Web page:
Posted by: Thomas Young
Date: December 6, 2019
Have you ever gone running with a friend and found yourself running longer simply because your friend wanted to? Or, have you pushed yourself to exercise harder because of the person next to you at the gym? When this happens, you’re tapping into psychology, which tells us that pack mentality – or behavior influenced by peers – is real. What’s interesting is that it can work to your advantage when exercising. Here’s how.
Fitness in a group:
Increases your commitment to a routine. Working out as a part of group has been shown to increase motivation, consistency, and duration. Psychologists say it’s because when you’re in a group you’re making a commitment and you’ll be noticed if you don’t stick to it.
Encourages you to push harder. This boils down to not wanting to be the weakest link in the chain. When working out with others, people tend to push harder. One study showed those working out together did so twice as long as those working out alone.
Speaks to our competitive edge. Seeing what others are capable of can inspire us to do better, or try new things. This can help us uncover our own barriers to progress. Would you have spent 15 minutes standing up on the bike in cycling class if the person next to you wasn’t doing it so effortlessly? Maybe not.
LVHN Fitness has a whole range of group fitness classes to get you motivated and help you through a long, cold winter season.
Massage has long been associated with pampering at the spa. Through medical science we’ve learned that it can be so much more. Manual manipulation of the skin, muscles, tendons, and ligaments for therapeutic purposes was recorded in Chinese medical texts as far back as 3,000 years ago.
Some current studies have reported definite health benefits, such as one trial that explored the effects of massage on anxiety. Results were a 31% drop in cortisol (a stress hormone) and a 30% increase in dopamine and serotonin (feel-good hormones) after a massage. Separate research showed that soreness in muscles was reduced by 30% when a massage followed a workout.
There is also evidence that massage can improve immune system function in cancer patients, while helping to reduce their physical and emotional pain. The key is that rubbing the skin puts pressure on the vagus nerve, which plays a major role in heart rate, breathing, and digestion. Increasing blood flow and activity in that nerve can have a meditative, calming effect.
By Sallie Urffer, MHA, PTA, LMT, CNMT
Rehabilitation & Massage Services
Has fall gardening got your body screaming? Back, shoulders, necks, even legs get tweaked from the heavy loads of mulch or through raking and sweeping. Experienced licensed massage therapists can help your body heal its aches and pains. Massage Therapy @ LVHN Fitness is staffed by professional licensed massage therapists that are highly skilled. Each one has a different skill set, but can be equally effective in helping you.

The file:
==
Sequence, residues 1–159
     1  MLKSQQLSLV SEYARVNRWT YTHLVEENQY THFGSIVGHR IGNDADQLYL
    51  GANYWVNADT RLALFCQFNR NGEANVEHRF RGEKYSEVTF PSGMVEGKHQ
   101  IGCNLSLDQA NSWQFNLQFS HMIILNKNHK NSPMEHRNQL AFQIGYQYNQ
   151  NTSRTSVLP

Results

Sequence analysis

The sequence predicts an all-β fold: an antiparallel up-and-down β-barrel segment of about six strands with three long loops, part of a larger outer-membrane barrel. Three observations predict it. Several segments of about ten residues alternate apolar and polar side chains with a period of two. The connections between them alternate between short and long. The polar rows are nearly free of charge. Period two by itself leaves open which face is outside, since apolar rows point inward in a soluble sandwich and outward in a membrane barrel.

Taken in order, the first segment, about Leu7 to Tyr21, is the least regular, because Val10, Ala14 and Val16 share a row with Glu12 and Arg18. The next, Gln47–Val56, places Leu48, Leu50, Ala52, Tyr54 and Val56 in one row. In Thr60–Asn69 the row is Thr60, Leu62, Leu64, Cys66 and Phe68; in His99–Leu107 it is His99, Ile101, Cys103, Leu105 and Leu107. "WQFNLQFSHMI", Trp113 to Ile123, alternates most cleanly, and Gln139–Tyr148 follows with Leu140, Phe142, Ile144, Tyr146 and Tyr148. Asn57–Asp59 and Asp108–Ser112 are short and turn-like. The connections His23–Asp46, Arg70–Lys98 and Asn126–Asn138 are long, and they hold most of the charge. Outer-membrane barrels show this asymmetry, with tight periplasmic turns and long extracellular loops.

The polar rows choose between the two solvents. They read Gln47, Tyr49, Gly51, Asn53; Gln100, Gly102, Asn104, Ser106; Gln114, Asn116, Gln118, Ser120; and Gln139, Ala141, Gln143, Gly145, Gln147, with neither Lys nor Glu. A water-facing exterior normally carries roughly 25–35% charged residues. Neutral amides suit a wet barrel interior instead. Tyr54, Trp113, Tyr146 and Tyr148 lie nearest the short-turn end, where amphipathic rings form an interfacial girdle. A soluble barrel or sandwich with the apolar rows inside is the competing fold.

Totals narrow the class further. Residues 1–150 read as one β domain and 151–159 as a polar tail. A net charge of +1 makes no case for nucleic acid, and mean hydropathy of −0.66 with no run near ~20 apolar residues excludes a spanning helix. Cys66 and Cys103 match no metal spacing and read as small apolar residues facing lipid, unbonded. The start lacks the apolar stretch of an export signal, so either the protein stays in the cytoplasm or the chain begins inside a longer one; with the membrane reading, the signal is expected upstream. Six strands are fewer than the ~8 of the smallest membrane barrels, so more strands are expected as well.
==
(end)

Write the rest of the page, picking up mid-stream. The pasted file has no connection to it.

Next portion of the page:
Clients are asked to complete a health questionnaire and consent at the first visit. Appointments are in private rooms where clients can be fully dressed or completely undressed. (Bulky clothing should be avoided if staying dressed.) Drapes/sheets are used to expose only the area being worked on. Lotions are used when undressed to help glide across the skin, reducing friction and avoid pulling of the skin.
The amount of pressure used is to the client’s tolerance and preference. If the pressure is not to the client’s liking, the client should let the therapist know. Additionally, if an area refers pain to another area, the therapist should be told. Care is given to everyBODY in an appropriate manner with healing hands.
Massage is available at the Fitness Centers at 1243 S. Cedar Crest, 1770 Bathgate, and 1 City Center six days a week at various times throughout the day. Please call 610-402-3699, or visit the Fitness Center closest to you for more information.
LVHN Fitness at One City Center hosted the third annual Spin-a-Thon on Saturday, Sept. 28, for Community Bike Works, which teaches life lessons through bicycles to students. The spin-a-thon raised $34,536, surpassing the original goal set at $30,000.
A total of 14 teams participated in the event to tag-team cycle while fundraising. A huge thank you and congratulations to all those who participated!
Among special guest riders were Allentown Mayor Ray O’Connell, Rep. Mike Schlossberg, Rep. Pete Schweyer, and Olympic cyclist, Kim Geist, who auctioned off her miles to the highest bidding team. “Being involved in something greater than ourselves, beyond our day-to-day work, is what makes LVHN Fitness staff proud,” says Brielle Weida, LVHN Fitness Program Manager.